Here is the email I was going to send to Rehman Rashid, author of what I’m tempted to describe as the best book I’ve read this year, A Malaysian Journey.

Dear Rehman,

A few weeks ago I was invited to come speak in Kuala Lumpur on how governments around the world have responded to the challenges posed by the rise of citizen media – you know, blogs, podcasts, and the like. The stuff old school journalists like yourself tend to obsess over and demonize at the same time. My co-panelist, I learned, was named Marina Mahatir and her name was spoken with a degree of reverence. She was (didn’t I know this already? they asked) the daughter of Malaysia’s most famous and infamous leader. She was also a former journalist and now an enthusiastic blogger in support of free speech.

I had known none of this and so clearly I had quite a bit of reading to do before trying to speak authoritatively about any subject at all. On a stopover at KLIA’s budget hub I visited the bookstore across from McDonalds and read the first page of every book lumped together on the ‘Malaysia’ shelf.

You had me by the end of the first paragraph. And the reason why – I hope you don’t cringe at this – is because your writing had nothing of the stuffy and defensive air of South East Asian analysis that I had come to expect. No, it felt much more like reading a wandering and distracted blog. In other words, once I started, I couldn’t stop turning the pages.

Until now, sitting pool-side at a Nairobi hotel whose façade of swankiness gently gives way to lethargic maids, leaky pipes, and still-moist towels. You can imagine my surprise when I discovered that the author who is supposed to be introducing me to Malaysia, its history, culture and people, is also the ex-boyfriend of the person I will soon be speaking with.

Which makes me feel all the more like I’m reading a blog and not a book – this is exactly the kind of interconnectedness that has become routine online, but still seems behind-closed-doors in the self-censored world of print publishing.

I have no idea where I’m sending this email to, nor for that matter why I am sending it, but serendipity has always been enough to inspire me to hold out my hand and offer a greeting. Especially to someone I already feel that I know (and here blogs and books are equally deceiving). I have hopes that you’ll receive this email with your sandals still wet after a dive somewhere in Bermuda.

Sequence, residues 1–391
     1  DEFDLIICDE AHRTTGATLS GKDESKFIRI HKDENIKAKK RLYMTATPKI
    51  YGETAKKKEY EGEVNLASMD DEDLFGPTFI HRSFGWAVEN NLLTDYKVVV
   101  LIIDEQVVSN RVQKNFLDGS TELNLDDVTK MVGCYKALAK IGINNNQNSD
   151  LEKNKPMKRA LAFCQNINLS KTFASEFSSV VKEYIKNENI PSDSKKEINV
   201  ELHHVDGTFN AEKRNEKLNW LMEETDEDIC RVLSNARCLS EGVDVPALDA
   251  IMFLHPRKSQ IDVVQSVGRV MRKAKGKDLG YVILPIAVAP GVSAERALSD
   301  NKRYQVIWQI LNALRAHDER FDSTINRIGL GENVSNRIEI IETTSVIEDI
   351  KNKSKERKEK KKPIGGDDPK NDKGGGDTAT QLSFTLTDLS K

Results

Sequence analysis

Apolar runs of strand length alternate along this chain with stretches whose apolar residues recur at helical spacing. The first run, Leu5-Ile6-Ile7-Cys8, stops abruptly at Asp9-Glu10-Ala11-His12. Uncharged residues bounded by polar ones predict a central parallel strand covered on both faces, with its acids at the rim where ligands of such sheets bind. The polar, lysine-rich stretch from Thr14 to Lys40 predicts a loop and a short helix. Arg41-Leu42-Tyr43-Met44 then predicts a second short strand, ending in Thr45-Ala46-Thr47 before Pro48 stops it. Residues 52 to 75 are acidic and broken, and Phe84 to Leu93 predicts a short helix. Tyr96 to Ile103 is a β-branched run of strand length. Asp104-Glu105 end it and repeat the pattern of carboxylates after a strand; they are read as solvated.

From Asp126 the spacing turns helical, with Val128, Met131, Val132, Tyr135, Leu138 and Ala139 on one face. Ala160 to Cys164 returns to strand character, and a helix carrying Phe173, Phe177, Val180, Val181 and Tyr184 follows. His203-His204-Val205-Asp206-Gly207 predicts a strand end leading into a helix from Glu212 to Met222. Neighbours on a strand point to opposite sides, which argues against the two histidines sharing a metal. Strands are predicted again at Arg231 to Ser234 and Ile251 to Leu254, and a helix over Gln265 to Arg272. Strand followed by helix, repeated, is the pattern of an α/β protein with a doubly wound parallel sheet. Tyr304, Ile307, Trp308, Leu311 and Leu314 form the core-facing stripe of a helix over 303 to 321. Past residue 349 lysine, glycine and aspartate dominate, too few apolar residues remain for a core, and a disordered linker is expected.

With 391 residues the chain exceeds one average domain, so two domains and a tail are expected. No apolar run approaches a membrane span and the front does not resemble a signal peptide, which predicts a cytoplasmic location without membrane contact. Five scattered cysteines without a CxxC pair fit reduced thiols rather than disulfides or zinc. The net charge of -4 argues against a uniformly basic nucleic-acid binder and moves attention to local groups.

If, instead, you happen to be in KL, I’d be most honored to meet you and to learn what the future might hold for you and what you might hold for the future. I’ll be in KL from Oct. 1 – 5. The event’s organizers have promised to keep me busy, but I’m sure that I could sneak out for a cup of coffee or a meal if you’re available.

Warm regards,


But then, just before pressing send, I googled his name. Standard procedure, right?

There is an irony in the fact that Rehman Rashid’s online reputation has been written by the very people he chose to attack, Malaysia’s blogging community. Here are his words from a column this March titled “Broken down in the barnyard of free expression”:

The local blogosphere is the domain of life-challenged grumblestiltskins and disenfranchised pundits whose asinine maunderings only show why they should never have had day jobs in the first place. Rumour, inuendo, half-truths and damned lies are their stock-in-trade, and previously sacrosanct standards, principles and ethics are now laughable. Are they not entitled to their opinion? Of course they are, as much as everyone is entitled to ignore them. I would venture, however, that everyone has an opinion and a rectum, and not that many seem capable of telling one from the other.

Distinguishing an opinion from a rectum? I’m not sure where he’s going with that one, but it makes for a lovely visual. Of course – as I’m sure Rashid knew they would – the Malaysian bloggers pounced. Rocky alone attracted over 100 comments. The most disingenuous statement, however – the one that Rashid should actually be ashamed of – is this:

previously sacrosanct standards, principles and ethics are now laughable.